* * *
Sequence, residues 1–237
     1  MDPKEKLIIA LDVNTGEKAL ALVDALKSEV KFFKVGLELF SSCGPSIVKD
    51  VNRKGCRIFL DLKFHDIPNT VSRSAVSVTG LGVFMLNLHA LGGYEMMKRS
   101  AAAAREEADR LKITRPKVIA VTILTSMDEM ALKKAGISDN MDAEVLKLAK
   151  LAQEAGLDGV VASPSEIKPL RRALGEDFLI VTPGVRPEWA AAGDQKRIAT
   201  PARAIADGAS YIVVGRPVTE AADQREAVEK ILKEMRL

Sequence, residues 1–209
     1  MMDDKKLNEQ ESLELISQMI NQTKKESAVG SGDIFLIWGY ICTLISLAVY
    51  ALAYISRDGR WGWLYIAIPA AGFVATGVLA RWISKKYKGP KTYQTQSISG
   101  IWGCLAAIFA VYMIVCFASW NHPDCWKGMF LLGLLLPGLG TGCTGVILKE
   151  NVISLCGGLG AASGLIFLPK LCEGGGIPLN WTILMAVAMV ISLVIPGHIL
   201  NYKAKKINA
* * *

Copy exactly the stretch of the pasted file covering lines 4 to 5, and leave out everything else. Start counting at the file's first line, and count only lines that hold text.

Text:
   101  AAAAREEADR LKITRPKVIA VTILTSMDEM ALKKAGISDN MDAEVLKLAK
   151  LAQEAGLDGV VASPSEIKPL RRALGEDFLI VTPGVRPEWA AAGDQKRIAT